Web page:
Indian cinema not on par with world’s, says veteran
September 22 2013 09:44 PM

Candid: India needs to create content that can attract global audiences, says Rao. RIGHT: On a high: Deepika feels emotionally connected to the film.

By Haricharan Pudipeddi


The Indian film industry is yet to find a place amid world cinema even as it celebrates its centenary year, rues one of the country’s acting legends, Akkineni Nageswara Rao (ANR), who turned 90 on Friday.
“It is unfortunate that we haven’t found a place yet in world cinema. It’s a great loss to the industry that produces maximum number of films in the world. In the global film festival circuit, we are not well noted due to the quality of our products, which do not cover global markets,” Nageswara Rao in an interview.
“Our penetration in the global film market is also quite low vis-a-vis Hollywood. Going forward, we need to become experimental and create content that can attract global audiences,” he added.
Looking back at his 70-year-old career comprising a filmography of over 250, he said two persons deserve to be credited for his success and fame.
“My mother has been my biggest inspiration in life. She encouraged me to pursue theatre at a very young age. My biggest influence has been filmmaker Ghantasala Balaramaiah, who picked me from the Bezawada (Now Vijayawada) railway platform and signed me as a lead for his film Sitarama Jananam in 1944,” he said.
Even though he shifted base to Hyderabad many decades ago, he owes his career to Madras (now Chennai).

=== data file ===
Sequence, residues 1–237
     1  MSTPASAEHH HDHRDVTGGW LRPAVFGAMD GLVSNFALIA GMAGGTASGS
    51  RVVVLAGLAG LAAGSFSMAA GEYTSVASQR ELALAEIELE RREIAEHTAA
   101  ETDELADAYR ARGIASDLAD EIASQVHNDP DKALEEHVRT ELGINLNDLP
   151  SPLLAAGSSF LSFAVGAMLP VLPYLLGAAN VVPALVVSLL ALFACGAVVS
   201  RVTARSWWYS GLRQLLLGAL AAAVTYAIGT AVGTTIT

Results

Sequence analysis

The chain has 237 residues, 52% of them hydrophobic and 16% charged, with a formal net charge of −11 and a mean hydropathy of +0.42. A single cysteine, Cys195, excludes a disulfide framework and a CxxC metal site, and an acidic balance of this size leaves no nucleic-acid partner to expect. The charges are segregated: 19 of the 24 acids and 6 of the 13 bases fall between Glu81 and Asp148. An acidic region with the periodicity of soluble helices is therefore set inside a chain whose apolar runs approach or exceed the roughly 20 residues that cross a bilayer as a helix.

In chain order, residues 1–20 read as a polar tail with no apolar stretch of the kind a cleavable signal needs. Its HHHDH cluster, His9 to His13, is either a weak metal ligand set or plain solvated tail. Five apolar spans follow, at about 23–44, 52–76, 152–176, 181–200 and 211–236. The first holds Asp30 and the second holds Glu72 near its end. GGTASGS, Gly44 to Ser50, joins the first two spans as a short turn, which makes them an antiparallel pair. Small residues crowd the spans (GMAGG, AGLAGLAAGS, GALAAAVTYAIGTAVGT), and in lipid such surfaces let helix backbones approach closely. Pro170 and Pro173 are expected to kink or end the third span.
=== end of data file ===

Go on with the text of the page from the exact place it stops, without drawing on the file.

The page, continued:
“Madras will always have a special place in my heart. Since films in southern India were made in Madras back then, it was a natural choice for anyone to move there. I spent my initial years there and also acted in a few Tamil films. I still remember walking through the city for a cup of coffee many years ago,” he said.
“The love and appreciation I got from that place helped me grow and sustain in the industry,” said Nageswara Rao, who has starred in Tamil films such as Anbumagan, Kanal Neer and Pen Manam.
Asked why he didn’t do more Tamil films, he said: “I moved to Andhra Pradesh because as an actor I wanted longevity and I also wanted my children to learn and speak their mother tongue Telugu. My son Nagarjuna is an actor because he can read, write and speak in Telugu. I also thought if I can act in Madras, I can do it in Hyderabad, too.”
“Films have no boundaries, yet you cater to a certain market and audiences; so it is important you connect with them in a way they expect you as a native of the region. There is also a sense of comfort to work in the region you are brought up in,” added the actor, whose Telugu films include titles like Batasari, Devadasu and Prem Nagar.
Having witnessed the good, bad and ugly side of filmdom, he never had qualms about letting his children be a part of the industry.
“I felt the industry gives you the opportunity to learn as well as be responsible for your actions. I thought my children could learn the same here and therefore, I never stopped them from entering the industry. I feel proud today that my children have imbibed these values,” he said.
While his son Nagarjuna is a successful actor, his other son and two daughters are into film production.
Asked if there was a moment when he wanted to quit films for good, Rao said: “My journey, too, had ups and downs. But since I started my career at the age of 19, I didn’t have to face any competition and therefore, I always enjoyed working in films. When you enjoy what you do, there is no question of quitting.”
Rao retired as a lead actor years ago, but he still feels connected to the industry.
“I’m involved in many ways in the industry. I always wanted to give back to the industry and hence set up Annapurna Studios and even a film school, recently. I’m facing arc lights for my new film Manam with my son and grandson Naga Chaitanya — so I was never away from the industry,” he concluded.



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